How Valid is the Credit Scoring System?
With credit scoring systems, creditors are able to evaluate millions of applicants consistently and impartially on many different characteristics. But credit scoring systems must be based on large enough numbers of recent accounts to make them statistically valid.
Although you may think that such a system is arbitrary or impersonal, a properly developed credit scoring system can make decisions faster and more accurately than an individual can. Many creditors design their systems so that marginal cases ¾ not high enough to pass easily or low enough to fail definitively ¾ are referred to a credit manager who personally decides whether the company will extend credit to a consumer. This may allow for discussion and negotiation between the credit manager and a consumer.
With the help of sophisticated credit-scoring models, lenders are rummaging deeper into consumer backgrounds, enabling them to reclassify some formerly prime customers as subprime. The benefit to the lender: increased profits. All this adds up to a profound change in lending that has gone largely unreported. While officials have been cracking down on the worst abuses of subprime lending, other practices have exploded into mainstream lending allowing lenders to charge premium rates, exploit shaky credit histories, and suck borrowers into subprime for life.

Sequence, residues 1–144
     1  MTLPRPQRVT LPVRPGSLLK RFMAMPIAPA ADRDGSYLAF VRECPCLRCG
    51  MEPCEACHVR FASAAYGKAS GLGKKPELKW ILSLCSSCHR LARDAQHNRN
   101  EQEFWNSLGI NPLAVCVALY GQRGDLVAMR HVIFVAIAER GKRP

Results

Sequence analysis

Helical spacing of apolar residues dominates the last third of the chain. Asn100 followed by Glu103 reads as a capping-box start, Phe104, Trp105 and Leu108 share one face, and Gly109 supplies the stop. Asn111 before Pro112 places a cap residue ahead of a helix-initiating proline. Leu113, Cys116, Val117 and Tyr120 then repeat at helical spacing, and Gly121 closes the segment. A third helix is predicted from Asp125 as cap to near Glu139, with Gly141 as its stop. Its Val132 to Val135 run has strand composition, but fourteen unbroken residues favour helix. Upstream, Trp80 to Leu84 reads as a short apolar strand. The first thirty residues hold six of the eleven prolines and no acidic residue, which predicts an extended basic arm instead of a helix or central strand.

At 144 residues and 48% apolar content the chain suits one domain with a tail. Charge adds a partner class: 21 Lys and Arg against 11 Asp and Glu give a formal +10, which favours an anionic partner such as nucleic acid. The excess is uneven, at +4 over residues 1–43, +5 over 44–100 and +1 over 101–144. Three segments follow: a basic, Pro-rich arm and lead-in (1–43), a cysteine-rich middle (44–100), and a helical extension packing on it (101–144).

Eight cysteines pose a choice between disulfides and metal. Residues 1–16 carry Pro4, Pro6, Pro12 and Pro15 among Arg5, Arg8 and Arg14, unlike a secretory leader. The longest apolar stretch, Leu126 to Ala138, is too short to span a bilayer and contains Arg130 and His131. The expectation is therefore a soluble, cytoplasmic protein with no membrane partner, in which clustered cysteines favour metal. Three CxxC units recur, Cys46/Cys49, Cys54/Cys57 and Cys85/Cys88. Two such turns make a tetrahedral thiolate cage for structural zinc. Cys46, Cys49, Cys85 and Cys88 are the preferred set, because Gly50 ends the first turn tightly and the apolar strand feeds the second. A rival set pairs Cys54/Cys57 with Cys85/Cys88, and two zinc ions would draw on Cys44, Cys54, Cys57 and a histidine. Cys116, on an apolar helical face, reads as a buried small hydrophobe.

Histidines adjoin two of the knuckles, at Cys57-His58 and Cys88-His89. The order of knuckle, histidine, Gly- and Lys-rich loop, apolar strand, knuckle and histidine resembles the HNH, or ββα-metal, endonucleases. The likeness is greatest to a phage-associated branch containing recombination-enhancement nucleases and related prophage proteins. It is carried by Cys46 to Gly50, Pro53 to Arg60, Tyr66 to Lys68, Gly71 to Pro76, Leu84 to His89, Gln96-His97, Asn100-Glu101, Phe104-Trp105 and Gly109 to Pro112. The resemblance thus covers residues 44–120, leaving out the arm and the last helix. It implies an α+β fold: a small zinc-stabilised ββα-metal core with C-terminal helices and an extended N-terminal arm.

National Home Equity Mortgage Association on subprime lenders report that the subprime borrower’s annual income is only about $3,000 less than prim borrowers, on average. They are school teachers, police officers, independent business people, lawyers, in some cases, and doctors and those with high income but equity challenged by big loans. Subprime debt comes in almost every form, including mortgages, refinance loans, credit cards, and new & used car loans. Total subprime lending increased tenfold in the last five years.
Credit bureaus have also become more meticulous. Today, they collect information that wasn’t typically reported before the 1990’s — bill-paying data from phone companies, utilities, and even hospitals. That rigor turns up more people who have missed a payment somewhere, sometime, on some bill.